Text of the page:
Health Care & Medical Resources

The places where people live, work and go to school can greatly influence the health of community members.  Health care provider s — working alongside residents, community coalitions, businesses and other leaders — can make their communities healthier by addressing substance use issues and advocating for strong prevention programs in their communities and schools.

What Can Health Care Professionals Do to Support Drug-Free Communities?

Community Health Centers

Emergency Medical Services

Health Insurers

Hospitals

Medical Examiner or Coroner’s Office

Poison Control Centers

Prescription Drug Monitoring Programs

Primary Care Organizations

Visiting Nurses Associations

Clinicians
 

  • Get informed about the scope of the substance use problem in your community.

 Health professionals are well aware of the problems that confront their communities, but may not be familiar with how alcohol and other drug use effects local residents. 

Click below to see statistics for youth in your school district http://healthvermont.gov/research/yrbs/2013/district_results.aspx

Find statistics for adults in your region/community:

Information on risk behaviors in Vermont including alcohol, marijuana and prescription drug use from the Behavioral Risk Factor Surveillance system.  Reported by each Health Department District Office region.

Substance Abuse Treatment data for all ages, gender, county & substances 

Your local community coalition or Prevention Consultant can present to your organization about the substance use issues in the community. Coalition Map

  • Support community efforts to prevent substance use and community activities that promote healthy behaviors – join your local community coalition or start one!  Coalition Map
  • Utilize existing health promotion and prevention programs/patient education to educate youth and adults about the risks of drug abuse (including prescription misuse) and excessive drinking.
     
    • Some organizations include articles and notices in organization newsletters, on partner websites and in advertising.
  • Talk to teen patients and their families about drug-taking behaviors, especially with those who show signs of being at risk for misusing or abusing drugs.
  • Turn your waiting room into an area that promotes prevention and drug-free lifestyles.  Include information about your local community coalition and local parenting classes.
  • Help identify Rx drug abuse and help teens and their parents recognize any problems early on.
  • Monitor drug trends in your field and provide critical substance use data on emerging drug trends (including changes in substance use patterns and substance-related overdoses) to your local community coalition.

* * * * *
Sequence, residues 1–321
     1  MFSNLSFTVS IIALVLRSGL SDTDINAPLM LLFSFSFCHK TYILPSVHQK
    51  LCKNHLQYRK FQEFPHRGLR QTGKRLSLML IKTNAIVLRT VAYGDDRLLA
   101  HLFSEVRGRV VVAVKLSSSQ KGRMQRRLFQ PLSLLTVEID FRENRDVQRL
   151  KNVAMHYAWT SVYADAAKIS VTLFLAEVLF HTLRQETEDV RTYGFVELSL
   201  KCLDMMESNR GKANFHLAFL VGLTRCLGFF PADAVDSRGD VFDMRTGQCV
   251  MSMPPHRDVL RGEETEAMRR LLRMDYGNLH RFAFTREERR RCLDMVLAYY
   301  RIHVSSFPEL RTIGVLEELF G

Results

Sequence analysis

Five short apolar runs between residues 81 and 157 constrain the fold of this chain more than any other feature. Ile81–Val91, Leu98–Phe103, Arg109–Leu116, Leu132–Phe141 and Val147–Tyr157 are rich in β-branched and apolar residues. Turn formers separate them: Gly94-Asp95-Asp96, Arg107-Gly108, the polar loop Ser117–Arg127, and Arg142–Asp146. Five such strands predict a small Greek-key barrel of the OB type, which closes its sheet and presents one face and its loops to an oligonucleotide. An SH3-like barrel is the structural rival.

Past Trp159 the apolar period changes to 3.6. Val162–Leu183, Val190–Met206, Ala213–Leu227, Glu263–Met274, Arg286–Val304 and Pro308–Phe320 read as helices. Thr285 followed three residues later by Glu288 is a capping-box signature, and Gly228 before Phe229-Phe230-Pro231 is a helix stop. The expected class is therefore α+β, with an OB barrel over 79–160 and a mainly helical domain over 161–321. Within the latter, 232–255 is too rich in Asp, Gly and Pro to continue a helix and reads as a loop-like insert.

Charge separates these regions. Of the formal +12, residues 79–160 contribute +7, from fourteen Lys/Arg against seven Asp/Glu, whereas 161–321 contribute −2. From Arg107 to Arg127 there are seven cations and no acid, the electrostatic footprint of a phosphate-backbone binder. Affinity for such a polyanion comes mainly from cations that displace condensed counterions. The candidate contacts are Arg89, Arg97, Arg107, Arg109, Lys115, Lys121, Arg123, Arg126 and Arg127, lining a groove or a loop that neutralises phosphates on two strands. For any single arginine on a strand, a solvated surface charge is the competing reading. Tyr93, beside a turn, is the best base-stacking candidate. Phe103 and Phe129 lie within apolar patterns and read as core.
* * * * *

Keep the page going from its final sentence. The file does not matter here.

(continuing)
• Utilize injury prevention centers to promote substance abuse prevention because of the high correlation between substance abuse and preventable injuries.
  • Increase awareness on the proper storage and disposal of prescription medications.
  • Visits to primary care clinicians provide excellent opportunities to intervene with substance abuse problems at a relatively early stage in disease progression.
  • Include discussion of substance abuse as a part of routine health care and as part of ongoing anticipatory guidance. The CRAFFT screen is a valid, reliable, and developmentally appropriate tool for accomplishing the recommended yearly screening, and teens who screen positive can be referred for comprehensive evaluation and treatment.
  • Identify and screen patients for excessive drinking using SBIRT (Screening Brief Intervention Referral Treatment)  http://sbirt.vermont.gov/
  • Share information about prevention with parents, especially new parents.
  • Identify, track, and prevent inappropriate patterns of prescribing and use of prescription drugs and integrate prescription drug monitoring into electronic health record systems.
  • Develop and adopt evidence-based guidelines for prescribing opioids in emergency departments, including restrictions on the use of long-acting or extended-release opioids for acute pain.
  • Train prescribers on safe opioid prescription practices and institute accountability mechanisms to ensure compliance. For example, the use of long-acting opioids for acute pain or in opioid-naïve patients could be minimized.

If there is not a location near you, consider creating one in partnership with your local police department or Sheriff’s Office.

  • Consider prevention strategies to minimize problems on high-risk holidays (for example New Years Eve, 4th of July and Halloween).  Some communities have extra law enforcement on patrol, host substance-free events as an alternative and request traffic stops/sobriety check points.
  • Support local prevention efforts with financial, human, or in-kind resources.
  • Allocate Affordable Care Act and other federal promotion and prevention funds to support community-based prevention programming.

  

Commonly Abused Drugs and their Health Risks

http://www.drugabuse.gov/sites/default/files/cadchart_2.pdf

Drugs That People Abuse – easy to read

http://easyread.drugabuse.gov/drugs-of-abuse.php

National Clearinghouse for Alcohol and Drug Information

www.ncadi.samhsa.gov

Marijuana Abuse – Explores the latest research on marijuana, including the scope of marijuana use in the U.S., health consequences, its effects on every-day activities, available treatments.

http://www.drugabuse.gov/publications/research-reports/marijuana-abuse